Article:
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Emerson Climate Technologies Seeks to Educate and Expand Market for Energy Efficient Heating and Cooling

| Tuesday January 6th, 2009 | 1 Comment

It doesn’t take a rocket scientist to realize that installing and using a programmable thermostat to customize and automate room temperature can save energy as well as money. In fact, 25 million households in the U.S. have already installed programmable thermostats in their homes. That’s the good news. The bad news is that only half of those homes actually program them, effectively rendering the potential efficiency of using them moot. It’s reminiscent of the old VCR forever blinking 12:00, except the consequences for homeowners – and even the planet – are greater.

I recently spoke with Geoff Godwin, Vice President of Marketing for Emerson Climate Technologies, the manufacturer of components for HVAC systems and producer of the White-Rogers line of programmable thermostats, about the advantages of using digitally programmable climate control, and how Emerson is seeking to expand the potential market and get that market to not only install the units, but to actually use them as well.

As most readers of Triple Pundit know, efficiency is the big white elephant in the room in terms of addressing dependence on foreign oil and reducing greenhouse gas emissions, not to mention saving energy costs in hard economic times. It’s the low-hanging fruit, a strategy in which, according to a report released last fall by the American Physical society, the “opportunities are huge and the costs are small”.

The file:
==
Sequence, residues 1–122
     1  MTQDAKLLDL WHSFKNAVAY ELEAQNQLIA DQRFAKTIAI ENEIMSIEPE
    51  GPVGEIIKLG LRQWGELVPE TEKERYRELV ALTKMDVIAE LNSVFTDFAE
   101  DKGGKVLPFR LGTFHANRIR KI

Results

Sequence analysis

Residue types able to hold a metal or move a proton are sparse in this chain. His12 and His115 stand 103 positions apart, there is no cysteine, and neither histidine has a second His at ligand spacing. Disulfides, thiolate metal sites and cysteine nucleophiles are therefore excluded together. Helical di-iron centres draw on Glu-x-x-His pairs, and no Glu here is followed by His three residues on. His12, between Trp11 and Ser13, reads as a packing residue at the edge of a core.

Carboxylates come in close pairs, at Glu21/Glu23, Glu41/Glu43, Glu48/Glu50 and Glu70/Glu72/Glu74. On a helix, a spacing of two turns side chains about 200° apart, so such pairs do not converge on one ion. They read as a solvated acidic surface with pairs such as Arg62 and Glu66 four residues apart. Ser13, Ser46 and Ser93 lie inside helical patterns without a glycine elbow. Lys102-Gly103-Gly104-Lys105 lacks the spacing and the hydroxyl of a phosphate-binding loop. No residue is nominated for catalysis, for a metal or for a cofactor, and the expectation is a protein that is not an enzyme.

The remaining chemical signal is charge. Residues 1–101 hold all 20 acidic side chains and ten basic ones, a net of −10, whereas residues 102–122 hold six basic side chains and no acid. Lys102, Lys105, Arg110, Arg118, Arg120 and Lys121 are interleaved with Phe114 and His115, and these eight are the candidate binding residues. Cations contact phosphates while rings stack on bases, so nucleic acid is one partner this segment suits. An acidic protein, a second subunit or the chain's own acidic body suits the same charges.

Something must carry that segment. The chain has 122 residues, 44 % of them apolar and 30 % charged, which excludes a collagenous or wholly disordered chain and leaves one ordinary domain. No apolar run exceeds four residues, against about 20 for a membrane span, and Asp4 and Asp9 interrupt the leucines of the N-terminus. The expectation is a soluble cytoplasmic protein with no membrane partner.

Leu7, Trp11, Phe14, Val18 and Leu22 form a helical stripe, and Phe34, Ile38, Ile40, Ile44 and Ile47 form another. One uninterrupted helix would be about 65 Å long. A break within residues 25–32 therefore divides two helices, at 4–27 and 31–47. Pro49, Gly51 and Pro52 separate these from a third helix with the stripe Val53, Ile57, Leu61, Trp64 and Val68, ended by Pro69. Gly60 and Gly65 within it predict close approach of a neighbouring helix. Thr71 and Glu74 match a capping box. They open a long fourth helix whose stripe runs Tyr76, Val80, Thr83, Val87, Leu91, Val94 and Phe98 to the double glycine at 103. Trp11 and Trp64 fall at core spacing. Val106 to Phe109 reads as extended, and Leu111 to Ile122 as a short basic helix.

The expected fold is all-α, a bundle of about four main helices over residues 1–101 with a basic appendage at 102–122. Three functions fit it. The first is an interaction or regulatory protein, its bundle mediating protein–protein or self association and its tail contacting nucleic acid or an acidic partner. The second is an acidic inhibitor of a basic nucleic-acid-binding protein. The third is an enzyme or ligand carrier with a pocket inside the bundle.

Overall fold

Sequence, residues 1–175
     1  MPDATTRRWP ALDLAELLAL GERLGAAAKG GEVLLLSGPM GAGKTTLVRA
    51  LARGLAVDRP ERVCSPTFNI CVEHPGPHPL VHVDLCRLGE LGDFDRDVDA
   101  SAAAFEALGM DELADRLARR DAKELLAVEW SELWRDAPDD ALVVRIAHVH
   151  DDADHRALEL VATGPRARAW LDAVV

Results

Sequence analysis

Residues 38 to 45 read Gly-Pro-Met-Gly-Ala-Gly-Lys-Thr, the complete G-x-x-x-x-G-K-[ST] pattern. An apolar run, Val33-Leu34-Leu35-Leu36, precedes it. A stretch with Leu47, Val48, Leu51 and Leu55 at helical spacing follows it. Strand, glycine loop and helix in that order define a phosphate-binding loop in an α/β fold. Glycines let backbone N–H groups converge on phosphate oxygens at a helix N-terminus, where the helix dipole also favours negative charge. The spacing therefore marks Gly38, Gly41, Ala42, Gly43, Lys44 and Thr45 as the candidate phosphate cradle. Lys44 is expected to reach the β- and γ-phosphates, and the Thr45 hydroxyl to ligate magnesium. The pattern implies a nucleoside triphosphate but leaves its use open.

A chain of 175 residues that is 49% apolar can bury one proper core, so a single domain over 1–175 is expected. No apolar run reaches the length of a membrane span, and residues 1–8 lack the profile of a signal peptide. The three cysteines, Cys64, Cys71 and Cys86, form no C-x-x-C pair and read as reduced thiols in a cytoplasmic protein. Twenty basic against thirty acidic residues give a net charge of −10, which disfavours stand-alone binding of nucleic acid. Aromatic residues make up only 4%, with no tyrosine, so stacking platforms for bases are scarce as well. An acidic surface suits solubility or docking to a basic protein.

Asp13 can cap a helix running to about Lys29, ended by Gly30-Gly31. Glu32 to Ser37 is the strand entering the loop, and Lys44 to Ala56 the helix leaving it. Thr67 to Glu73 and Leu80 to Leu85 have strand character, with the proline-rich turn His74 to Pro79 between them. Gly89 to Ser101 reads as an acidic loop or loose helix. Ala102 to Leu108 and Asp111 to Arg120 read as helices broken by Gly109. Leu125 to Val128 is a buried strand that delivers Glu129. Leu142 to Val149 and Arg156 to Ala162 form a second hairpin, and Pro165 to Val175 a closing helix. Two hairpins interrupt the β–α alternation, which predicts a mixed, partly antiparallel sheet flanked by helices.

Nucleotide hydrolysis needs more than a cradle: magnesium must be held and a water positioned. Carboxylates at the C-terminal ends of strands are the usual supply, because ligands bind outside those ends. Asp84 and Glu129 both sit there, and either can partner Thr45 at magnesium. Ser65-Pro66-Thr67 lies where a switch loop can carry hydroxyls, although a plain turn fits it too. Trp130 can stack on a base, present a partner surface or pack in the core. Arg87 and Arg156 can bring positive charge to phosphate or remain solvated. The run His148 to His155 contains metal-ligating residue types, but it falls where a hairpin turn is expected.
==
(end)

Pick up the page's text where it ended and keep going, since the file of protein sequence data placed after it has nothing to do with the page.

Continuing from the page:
A small, yet significant, aspect of this huge opportunity, says Godwin, is the installation and proper use of programmable thermostats.

An expanding market, a huge potential, and avoiding the dreaded “blinking 12:00″

According to Godwin, the heating and cooling for 100 million homes in the United States is currently controlled by thermostat. With 25 to 30 million of those homes already equipped with programmable climate technology, there’s an existing market of at least 75 million homes to move to programmable thermostats.

The average homeowner spends about $2,000 per year for energy, according to Godwin, and half of that cost is for heating and cooling. Using a properly programmed digital thermostat will save households 25% in energy costs. The potential total energy savings just through the proper use of programmable thermostats is staggering. If just a fraction of the homes in the U.S. were to upgrade to programmable thermostats and use them, the energy savings would amount to tens of billions of dollars.

As older, mercury-laden thermostats end their service life, digitally programmable thermostats will continue to expand into the general marketplace. In the next few years, Godwin sees 25% of new programmable thermostat installation coming from new construction, and 75% from replacements and add-ons. Still, with half of the units already installed in homes not being programmed, Godwin sees the problem not just as one of installing more units, but of making the units installed more user-friendly. After all, most of us have long ago abandoned our VCR’s, with “12:00″ incessantly blinking in the display, for our TiVos, blu-rays, and DTR’s. We’re not about to let all the advantages of modern entertainment technology pass us by simply because we haven’t programmed them correctly.